The plan introduced by “The Problem Solvers Caucus,” a group of 25 Democrats and 25 Republicans in both the U.S. Senate and House, splits the more than $900 billion to 15 different areas.
A majority goes to three areas:
- $288 billion for small businesses, including more fund for the Paycheck Protection Program
- $180 billion for additional Unemployment Insurance
- $160 billion for state, local and tribal governments
The Paycheck Protection Program will get another round of funding. The forgivable loans to keep workers on payroll closed applications in August.
“I am particularly pleased that this package includes funding for another round of Paycheck Protection Program forgivable loans, which has helped keep our small businesses afloat. In Maine alone, the PPP has helped sustain the jobs of 250,000 workers,” said Sen. Susan Collins (R-Maine).
The $288 billion also will help fund the Economic Injury Disaster Loan program, a low interest loan from the Small Business Administration ” designed to provide economic relief to businesses that are currently experiencing a temporary loss of revenue due to coronavirus.”
The money will also go to: restaurants, stages, and deductibility.
In addition, Republicans pushed for “short term Federal protection from Coronavirus related lawsuits.”
“Included in this measure is a liability provision that provides a temporary suspension of any liability-related lawsuits at the state or federal level associated with COVID-19, giving states enough time to put in place their own protections,” said Sen. Mitt Romney (R-Utah).
State, local and tribal governments
Democrats, meanwhile, got a win with funding for state, local and tribal governments. State governments have been dealing with many key aspects of the COVID-19 response.
“If enacted into law, today’s bipartisan package would increase unemployment benefits to help families make ends meet, give essential assistance to small businesses on the verge of closing, provide funds to the state and local governments who’ve led the response to this crisis, and much more – including support for schools, hospitals, and vaccine distribution,” said Sen. Angus King (I-Maine), an independent who caucuses with the Democrats.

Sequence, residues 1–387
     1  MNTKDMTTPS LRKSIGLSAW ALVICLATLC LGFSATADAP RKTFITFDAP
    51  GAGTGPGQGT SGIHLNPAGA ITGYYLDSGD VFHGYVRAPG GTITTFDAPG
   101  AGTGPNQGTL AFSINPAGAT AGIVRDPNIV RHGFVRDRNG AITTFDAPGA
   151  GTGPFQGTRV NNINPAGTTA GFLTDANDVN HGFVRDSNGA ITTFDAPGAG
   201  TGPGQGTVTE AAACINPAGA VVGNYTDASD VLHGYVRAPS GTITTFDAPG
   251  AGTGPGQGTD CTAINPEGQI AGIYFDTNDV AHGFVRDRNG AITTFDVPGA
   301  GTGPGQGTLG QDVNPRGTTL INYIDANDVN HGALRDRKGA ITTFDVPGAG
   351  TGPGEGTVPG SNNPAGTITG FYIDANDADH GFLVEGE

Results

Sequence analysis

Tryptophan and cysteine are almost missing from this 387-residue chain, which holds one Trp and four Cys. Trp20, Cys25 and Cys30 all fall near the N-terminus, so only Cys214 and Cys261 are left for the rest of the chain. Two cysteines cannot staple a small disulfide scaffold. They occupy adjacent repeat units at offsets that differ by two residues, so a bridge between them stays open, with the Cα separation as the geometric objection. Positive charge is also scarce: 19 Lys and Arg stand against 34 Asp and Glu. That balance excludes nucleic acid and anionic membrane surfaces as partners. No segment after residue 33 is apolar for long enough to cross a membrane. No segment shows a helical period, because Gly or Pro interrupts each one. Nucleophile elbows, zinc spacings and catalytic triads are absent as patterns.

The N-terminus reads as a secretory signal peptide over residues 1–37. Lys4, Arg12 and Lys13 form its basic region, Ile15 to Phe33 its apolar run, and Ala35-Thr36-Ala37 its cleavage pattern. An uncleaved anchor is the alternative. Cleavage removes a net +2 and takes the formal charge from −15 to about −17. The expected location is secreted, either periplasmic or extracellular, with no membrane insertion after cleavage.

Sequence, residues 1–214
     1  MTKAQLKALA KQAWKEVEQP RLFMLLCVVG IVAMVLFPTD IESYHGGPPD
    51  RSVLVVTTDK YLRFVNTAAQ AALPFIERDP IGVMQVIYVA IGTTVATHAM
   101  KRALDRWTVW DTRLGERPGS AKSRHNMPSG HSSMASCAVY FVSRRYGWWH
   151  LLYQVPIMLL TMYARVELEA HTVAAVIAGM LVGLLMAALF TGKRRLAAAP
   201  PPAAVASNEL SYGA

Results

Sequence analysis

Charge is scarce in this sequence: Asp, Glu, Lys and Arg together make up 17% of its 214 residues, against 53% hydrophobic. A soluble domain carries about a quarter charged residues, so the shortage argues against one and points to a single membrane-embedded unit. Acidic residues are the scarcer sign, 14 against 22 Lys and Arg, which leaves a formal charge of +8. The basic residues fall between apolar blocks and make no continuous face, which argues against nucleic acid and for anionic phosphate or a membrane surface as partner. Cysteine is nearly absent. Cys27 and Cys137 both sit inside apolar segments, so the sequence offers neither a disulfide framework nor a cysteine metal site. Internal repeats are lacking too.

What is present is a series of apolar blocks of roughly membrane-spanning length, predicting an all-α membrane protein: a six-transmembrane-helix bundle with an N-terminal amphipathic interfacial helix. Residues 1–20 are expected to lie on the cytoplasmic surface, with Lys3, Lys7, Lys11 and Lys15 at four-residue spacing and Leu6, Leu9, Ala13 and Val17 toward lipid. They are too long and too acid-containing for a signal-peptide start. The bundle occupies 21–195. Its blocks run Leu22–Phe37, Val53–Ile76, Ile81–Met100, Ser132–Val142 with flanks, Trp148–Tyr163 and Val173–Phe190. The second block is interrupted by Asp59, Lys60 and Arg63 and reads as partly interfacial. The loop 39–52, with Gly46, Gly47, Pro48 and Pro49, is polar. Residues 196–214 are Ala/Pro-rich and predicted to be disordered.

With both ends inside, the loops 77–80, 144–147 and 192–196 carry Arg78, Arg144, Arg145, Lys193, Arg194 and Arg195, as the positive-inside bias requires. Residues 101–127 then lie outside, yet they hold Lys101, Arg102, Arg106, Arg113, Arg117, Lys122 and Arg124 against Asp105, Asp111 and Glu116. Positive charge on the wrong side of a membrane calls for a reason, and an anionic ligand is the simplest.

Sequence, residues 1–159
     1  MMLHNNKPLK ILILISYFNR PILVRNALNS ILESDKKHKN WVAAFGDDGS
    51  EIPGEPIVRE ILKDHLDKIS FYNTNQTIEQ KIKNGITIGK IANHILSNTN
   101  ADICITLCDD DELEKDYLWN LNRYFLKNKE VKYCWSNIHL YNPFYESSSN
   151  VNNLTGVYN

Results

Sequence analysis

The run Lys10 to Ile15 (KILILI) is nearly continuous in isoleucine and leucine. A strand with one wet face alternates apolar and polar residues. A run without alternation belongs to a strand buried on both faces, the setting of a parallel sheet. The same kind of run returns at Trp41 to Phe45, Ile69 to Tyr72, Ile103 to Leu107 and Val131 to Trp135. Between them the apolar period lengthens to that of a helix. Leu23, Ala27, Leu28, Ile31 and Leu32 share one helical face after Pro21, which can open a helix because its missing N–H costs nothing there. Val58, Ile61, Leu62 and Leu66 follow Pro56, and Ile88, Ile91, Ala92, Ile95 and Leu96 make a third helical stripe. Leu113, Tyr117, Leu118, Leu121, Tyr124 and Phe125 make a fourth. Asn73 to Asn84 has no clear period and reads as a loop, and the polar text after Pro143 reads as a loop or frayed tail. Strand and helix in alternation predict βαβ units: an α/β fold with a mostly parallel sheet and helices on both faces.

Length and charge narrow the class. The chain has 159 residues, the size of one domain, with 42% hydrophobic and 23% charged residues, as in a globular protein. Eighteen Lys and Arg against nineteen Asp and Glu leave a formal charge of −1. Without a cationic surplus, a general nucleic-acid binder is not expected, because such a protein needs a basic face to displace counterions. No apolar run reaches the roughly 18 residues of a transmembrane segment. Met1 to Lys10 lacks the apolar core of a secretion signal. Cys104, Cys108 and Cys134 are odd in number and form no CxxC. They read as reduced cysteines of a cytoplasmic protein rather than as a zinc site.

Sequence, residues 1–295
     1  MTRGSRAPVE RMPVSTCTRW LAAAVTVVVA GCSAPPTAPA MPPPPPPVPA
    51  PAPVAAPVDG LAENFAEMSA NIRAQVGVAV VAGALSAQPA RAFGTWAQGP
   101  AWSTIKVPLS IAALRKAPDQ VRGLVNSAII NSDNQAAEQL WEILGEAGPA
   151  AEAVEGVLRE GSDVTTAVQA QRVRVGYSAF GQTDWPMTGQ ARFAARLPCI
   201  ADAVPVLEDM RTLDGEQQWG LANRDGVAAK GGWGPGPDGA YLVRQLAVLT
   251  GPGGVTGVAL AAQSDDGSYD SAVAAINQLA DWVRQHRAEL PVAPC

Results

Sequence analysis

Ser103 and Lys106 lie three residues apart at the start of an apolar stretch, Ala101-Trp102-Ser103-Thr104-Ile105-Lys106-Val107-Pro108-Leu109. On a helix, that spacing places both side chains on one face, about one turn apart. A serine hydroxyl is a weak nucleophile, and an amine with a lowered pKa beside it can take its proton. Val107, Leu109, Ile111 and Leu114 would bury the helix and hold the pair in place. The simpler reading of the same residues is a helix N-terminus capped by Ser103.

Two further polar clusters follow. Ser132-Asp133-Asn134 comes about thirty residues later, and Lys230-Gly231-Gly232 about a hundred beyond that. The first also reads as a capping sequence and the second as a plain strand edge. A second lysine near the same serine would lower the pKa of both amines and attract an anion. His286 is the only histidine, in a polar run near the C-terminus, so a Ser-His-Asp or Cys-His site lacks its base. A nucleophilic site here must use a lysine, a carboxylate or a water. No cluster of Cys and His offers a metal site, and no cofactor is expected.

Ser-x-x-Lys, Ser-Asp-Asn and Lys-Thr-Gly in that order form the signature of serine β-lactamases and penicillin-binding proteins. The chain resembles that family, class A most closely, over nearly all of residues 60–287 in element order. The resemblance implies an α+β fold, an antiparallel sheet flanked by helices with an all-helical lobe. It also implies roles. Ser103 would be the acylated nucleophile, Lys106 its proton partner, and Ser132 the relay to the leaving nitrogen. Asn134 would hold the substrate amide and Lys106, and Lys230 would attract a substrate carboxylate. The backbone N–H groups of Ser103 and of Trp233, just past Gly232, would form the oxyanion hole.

Extended federal unemployment benefits expired in September. Previously, the program added a $600 federal benefit.
This plan would provide a $300 weekly addition for four months.
No, the plan doesn’t include the second round of economic impact payments. Earlier in the year, the IRS issued 160 million checks of $1,200 per eligible taxpayer, plus $500 per child.
What else is included:
The rest of the funds will go to support:
- $82 billion for education
- $45 billion for transportation, including airlines, airports, buses, transit and Amtrak
- $35 billion for the Healthcare Provider Relief Fund from the Department of Health and Human Services
- $26 billion for nutrition and agriculture
- $25 billion for housing assistance, related to rentals
- $16 billion for vaccine development and distribution, testing and contact tracing
- $12 billion for Community Development Financial Institutions and Minority Depository Institutions
- $10 billion each for the U.S. Postal Service, child care and broadband
- $5 billion for opioid treatment
- $4 billion for student loans
“This is a win for the American people, for common sense, and for problem-solving. With cases spiking, winter around the corner, and countless small businesses closing every day, and far too many families hurting, we simply cannot leave anyone out in the cold. This is an essential down payment on what our families, small businesses, and local communities need,” said Rep. Josh Gottheimer (D-NJ-5).
Senate Majority Leader Mitch McConnell dismissed the bipartisan offer on Tuesday, instead aiming to rally Republicans around the $550 billion GOP proposal.